Louis C.K. Remains Brilliant

Comedian Louis C.K. at the Vanity Fair Oscar Party in Beverly Hills, Calif., in 2016 (Danny Moloshok/Reuters)
His new special, wild and acidic, is characteristic of how he has been doing comedy his entire career.

NRPLUS MEMBER ARTICLE ‘I ’m not a good person,” Louis C.K. says near the top of his new one-hour special. We heard. Do I want Louis C.K. making s’mores with my kid’s Girl Scout troop? No, I do not. And if I were a woman, I might be reluctant to be alone with him. (On the other hand, I might just remember that I have the right to walk away if anything weird starts to happen.) Fortunately, I don’t have to worry about these things, and neither do you. As comedy consumers, none of us has to be in the room with Louis C.K. We can benefit from his brilliance without having to deal with his perversion.

The new special, Sincerely Louis C.K., which is being offered on his website for eight bucks, is much like all of his previous ones: It’s wild and acidic. It’s misanthropic, it’s twisted, it ventures into some forbidding dark corners of psychic crawlspace, where the spiders and the worms lurk. These characteristics make it more interesting, not less. They’re also markers of how C.K. has been doing comedy his entire career. C.K. is back, and he’s just the same as before, though some observers are pretending otherwise.

The title is not ironic: He is sincerely trying to tell something like the truth about what it’s like to be the person he is, a severely flawed man of the early 21st century. Louis C.K. has always invited us to consider the comedy payoff of rolling with our worst thoughts instead of cutting them off before they get disturbing. This means that being inappropriate is now, as it always has been, central to his act. There’s a joke about rape along these lines. It’s horrible, but it’s also very funny. It’s funny because it’s horrible: The horribleness is the point. Our comic selves venture into places our other selves dare not go. C.K. is a master at exploring that divergence, leading us down one path and then veering shockingly off course. C.K. went to one of those advanced European cities where there are eight different recycling bins on the curb for different types of garbage, and he was annoyed by this. One bin has a drawing of a cup on it. Another bin has a drawing of a slightly different type of cup. “I’m standing there with a dead baby, what am I supposed to do with that?” he asks.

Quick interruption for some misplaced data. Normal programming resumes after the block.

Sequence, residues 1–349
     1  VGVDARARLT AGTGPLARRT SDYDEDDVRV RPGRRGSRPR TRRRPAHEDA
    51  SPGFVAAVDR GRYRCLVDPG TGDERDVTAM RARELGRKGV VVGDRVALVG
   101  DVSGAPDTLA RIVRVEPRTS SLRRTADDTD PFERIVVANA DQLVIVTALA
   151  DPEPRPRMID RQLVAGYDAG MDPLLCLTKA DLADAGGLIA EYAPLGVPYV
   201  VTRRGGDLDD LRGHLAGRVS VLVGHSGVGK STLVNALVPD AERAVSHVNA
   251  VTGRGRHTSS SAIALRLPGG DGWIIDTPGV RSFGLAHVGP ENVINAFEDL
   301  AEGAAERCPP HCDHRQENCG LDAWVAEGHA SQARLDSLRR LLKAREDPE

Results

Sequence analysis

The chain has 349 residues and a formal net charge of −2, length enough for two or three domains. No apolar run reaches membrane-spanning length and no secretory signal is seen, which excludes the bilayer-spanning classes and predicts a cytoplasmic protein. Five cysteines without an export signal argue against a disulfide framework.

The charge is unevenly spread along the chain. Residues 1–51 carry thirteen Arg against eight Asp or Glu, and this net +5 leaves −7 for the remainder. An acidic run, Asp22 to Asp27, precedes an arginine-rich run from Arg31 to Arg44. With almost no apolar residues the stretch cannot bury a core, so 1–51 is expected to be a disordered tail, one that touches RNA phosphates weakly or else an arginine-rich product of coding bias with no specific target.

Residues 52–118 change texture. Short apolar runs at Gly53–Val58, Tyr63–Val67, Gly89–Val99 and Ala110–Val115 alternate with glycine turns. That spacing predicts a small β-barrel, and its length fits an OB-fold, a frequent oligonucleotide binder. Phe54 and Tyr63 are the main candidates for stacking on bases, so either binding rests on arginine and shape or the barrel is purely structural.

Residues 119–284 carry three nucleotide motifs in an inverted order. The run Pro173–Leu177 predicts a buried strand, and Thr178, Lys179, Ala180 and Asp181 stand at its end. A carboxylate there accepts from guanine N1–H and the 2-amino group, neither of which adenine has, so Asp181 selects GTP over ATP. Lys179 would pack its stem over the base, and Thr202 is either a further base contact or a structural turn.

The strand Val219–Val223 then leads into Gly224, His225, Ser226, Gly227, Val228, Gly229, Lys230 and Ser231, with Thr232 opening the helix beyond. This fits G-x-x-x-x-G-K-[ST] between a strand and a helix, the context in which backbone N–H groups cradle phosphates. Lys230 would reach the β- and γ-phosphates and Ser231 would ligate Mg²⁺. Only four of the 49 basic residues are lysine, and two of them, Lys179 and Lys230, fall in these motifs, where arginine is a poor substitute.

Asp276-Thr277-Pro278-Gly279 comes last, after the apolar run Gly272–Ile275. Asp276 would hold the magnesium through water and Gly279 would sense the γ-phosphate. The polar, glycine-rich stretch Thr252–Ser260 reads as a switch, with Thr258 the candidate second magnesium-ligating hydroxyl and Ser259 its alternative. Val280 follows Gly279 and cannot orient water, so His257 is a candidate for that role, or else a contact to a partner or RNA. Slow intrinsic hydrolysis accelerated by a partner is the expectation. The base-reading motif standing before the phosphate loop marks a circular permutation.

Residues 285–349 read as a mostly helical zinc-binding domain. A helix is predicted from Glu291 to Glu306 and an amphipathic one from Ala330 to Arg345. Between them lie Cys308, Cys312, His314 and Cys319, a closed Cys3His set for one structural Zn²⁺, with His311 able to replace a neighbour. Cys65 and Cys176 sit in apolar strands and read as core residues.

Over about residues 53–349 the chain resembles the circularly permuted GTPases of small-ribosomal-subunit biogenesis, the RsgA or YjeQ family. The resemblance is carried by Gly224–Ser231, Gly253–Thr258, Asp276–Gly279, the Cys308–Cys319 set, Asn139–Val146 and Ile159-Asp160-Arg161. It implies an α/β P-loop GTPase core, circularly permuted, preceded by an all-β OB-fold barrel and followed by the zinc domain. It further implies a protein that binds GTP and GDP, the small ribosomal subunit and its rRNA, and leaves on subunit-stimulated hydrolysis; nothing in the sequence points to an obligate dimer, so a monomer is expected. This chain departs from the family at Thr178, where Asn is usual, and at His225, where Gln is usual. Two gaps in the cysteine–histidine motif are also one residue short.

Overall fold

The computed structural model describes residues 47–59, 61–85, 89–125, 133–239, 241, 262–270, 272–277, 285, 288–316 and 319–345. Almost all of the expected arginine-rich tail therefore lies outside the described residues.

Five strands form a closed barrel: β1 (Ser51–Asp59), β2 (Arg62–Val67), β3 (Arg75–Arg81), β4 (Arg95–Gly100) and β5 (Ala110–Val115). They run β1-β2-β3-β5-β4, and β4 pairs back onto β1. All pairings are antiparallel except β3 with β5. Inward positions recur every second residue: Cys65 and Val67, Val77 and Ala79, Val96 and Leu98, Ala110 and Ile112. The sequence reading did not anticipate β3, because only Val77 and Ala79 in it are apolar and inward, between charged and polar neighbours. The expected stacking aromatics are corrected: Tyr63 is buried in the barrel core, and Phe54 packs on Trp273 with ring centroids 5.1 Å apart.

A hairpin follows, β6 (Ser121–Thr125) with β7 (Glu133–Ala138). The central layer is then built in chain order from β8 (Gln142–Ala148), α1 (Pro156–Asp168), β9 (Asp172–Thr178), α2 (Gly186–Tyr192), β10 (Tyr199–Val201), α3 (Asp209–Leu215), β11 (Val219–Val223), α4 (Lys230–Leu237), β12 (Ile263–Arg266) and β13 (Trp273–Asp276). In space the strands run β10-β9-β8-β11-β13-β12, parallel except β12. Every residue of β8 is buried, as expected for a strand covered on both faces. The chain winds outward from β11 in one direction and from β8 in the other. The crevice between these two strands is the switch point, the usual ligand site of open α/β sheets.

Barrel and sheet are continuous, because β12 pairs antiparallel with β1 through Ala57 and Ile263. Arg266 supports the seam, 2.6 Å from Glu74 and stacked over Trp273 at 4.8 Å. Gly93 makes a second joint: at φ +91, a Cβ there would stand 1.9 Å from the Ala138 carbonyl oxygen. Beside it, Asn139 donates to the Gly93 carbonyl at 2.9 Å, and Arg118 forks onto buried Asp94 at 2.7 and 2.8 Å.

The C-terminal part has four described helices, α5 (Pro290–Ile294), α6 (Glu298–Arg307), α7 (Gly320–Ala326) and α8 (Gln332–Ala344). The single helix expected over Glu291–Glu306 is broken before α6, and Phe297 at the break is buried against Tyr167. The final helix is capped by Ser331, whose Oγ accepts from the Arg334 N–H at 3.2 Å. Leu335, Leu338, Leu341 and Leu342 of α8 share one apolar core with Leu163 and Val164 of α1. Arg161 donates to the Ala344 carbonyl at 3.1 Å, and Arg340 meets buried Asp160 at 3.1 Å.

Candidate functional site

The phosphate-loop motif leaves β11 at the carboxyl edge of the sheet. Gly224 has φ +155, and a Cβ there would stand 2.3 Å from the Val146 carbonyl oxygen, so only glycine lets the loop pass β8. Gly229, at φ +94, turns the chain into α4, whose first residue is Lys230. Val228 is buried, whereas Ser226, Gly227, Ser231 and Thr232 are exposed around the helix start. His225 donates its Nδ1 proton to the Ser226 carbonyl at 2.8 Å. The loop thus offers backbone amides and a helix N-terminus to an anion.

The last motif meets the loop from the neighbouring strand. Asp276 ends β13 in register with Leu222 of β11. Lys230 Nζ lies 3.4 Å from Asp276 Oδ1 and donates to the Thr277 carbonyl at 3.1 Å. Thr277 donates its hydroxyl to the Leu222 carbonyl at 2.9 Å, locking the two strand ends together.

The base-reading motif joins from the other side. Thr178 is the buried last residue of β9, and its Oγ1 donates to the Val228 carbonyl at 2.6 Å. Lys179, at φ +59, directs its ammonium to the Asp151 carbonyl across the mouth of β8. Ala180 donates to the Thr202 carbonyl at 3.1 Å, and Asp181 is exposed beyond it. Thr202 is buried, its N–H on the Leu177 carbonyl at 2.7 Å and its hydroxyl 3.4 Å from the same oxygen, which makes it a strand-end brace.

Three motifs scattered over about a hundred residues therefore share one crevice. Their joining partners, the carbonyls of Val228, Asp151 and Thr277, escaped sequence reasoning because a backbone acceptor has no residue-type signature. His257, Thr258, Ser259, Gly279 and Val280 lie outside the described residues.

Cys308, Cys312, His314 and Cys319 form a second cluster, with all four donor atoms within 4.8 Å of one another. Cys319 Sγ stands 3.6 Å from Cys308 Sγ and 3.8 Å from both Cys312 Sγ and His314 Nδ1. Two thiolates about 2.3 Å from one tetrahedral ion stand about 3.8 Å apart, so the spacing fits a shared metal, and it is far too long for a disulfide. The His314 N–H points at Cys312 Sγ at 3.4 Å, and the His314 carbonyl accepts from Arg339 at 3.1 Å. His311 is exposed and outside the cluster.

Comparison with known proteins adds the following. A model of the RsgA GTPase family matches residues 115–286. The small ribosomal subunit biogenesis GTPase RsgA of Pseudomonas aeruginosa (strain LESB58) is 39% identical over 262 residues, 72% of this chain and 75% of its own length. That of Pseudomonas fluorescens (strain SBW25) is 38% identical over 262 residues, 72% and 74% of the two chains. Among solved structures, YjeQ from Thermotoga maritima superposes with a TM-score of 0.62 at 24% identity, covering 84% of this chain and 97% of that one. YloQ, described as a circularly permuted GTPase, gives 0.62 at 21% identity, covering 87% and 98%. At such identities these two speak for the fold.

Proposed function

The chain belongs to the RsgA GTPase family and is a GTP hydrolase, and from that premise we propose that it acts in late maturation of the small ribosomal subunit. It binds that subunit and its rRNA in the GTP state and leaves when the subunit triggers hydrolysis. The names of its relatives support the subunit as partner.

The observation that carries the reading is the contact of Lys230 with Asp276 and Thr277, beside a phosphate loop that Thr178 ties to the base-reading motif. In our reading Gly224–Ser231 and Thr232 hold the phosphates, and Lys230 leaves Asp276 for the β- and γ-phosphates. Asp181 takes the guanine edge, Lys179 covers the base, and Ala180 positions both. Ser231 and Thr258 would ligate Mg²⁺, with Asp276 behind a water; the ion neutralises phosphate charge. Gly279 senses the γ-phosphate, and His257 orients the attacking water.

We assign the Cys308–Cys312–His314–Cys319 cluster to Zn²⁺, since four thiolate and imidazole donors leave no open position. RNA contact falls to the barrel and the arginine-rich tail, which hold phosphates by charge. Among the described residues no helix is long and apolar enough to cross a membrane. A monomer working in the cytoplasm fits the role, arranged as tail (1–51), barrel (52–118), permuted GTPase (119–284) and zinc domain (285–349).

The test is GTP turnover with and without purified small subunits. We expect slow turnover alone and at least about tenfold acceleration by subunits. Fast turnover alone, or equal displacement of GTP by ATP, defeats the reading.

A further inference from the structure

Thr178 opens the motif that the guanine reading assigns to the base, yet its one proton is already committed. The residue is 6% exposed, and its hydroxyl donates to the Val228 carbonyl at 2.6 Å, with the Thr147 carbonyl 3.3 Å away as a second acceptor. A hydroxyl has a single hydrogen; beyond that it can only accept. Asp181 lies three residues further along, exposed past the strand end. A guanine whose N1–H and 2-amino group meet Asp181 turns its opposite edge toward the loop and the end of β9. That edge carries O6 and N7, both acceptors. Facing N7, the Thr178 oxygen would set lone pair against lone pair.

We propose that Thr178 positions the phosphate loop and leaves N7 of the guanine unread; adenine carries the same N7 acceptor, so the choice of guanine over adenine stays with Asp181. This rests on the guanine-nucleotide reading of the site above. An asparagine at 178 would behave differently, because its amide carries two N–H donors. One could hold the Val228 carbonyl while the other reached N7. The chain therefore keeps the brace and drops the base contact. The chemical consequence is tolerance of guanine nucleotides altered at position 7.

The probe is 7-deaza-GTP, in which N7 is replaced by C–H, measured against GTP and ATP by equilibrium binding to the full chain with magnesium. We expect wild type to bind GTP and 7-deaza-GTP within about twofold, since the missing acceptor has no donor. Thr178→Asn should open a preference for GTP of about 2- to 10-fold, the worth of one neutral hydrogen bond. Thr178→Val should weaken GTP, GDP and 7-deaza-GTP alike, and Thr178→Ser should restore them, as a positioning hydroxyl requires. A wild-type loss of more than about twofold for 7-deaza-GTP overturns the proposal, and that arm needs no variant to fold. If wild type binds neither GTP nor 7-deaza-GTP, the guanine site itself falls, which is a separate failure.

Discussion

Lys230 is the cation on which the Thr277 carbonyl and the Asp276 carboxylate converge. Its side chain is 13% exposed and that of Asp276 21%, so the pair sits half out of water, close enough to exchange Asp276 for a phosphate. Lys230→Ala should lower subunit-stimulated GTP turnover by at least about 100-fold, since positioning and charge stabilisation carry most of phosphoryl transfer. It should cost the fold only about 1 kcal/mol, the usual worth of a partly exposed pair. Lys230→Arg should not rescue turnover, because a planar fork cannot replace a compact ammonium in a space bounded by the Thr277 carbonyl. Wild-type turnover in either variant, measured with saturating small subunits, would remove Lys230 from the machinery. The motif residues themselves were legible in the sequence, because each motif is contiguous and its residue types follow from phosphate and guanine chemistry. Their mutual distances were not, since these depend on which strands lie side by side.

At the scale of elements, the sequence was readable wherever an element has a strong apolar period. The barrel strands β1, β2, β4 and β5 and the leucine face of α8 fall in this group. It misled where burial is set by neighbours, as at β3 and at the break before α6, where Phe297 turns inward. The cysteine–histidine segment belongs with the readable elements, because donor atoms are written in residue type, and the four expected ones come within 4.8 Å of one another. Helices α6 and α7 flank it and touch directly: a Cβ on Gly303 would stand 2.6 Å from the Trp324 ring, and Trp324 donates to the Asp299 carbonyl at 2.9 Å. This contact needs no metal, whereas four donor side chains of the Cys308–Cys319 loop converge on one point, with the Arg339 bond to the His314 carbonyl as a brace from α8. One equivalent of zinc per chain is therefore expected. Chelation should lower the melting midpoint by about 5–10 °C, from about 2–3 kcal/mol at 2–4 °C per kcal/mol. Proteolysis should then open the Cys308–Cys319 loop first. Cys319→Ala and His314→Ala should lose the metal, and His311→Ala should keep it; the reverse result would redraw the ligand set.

This is why the performative dudgeon directed at C.K. is hard to take at face value. Why be offended at this stuff now, and not at the last 20 years of it? Variety’s writer Jordan Moreau deemed the show “racist” and “misogynistic.” See if you can detect the racism and misogyny in this joke: Women, observes C.K., sometimes make pleased-sounding noises while having unpleasant sexual experiences because that can be the easiest way to get through a trying moment. “It’s kind of like a Negro spiritual,” C.K. says. “It is like, if you heard slaves singing in the fields and you’re like, ‘Hey they’re having a great time out there!’” This is a clever comparison; moreover, it’s actually sensitive to, rather than dismissive of, the feelings of women and slaves. To find the joke racist you’d have to be not just ungenerous but actually obtuse. Should people who don’t understand comedy be the ones who review comedy specials for Variety? But maybe I’m the one missing the point. Entertainment writers de nos jours seem to be selected for the purpose of not getting it, because getting jokes might interfere with the now-greater goal of advertising one’s progressive bona fides. C.K. has been excommunicated from the comedy church for a failing that has nothing to do with comedy, therefore we must fabricate reasons why the comedy supposedly fails, or offends.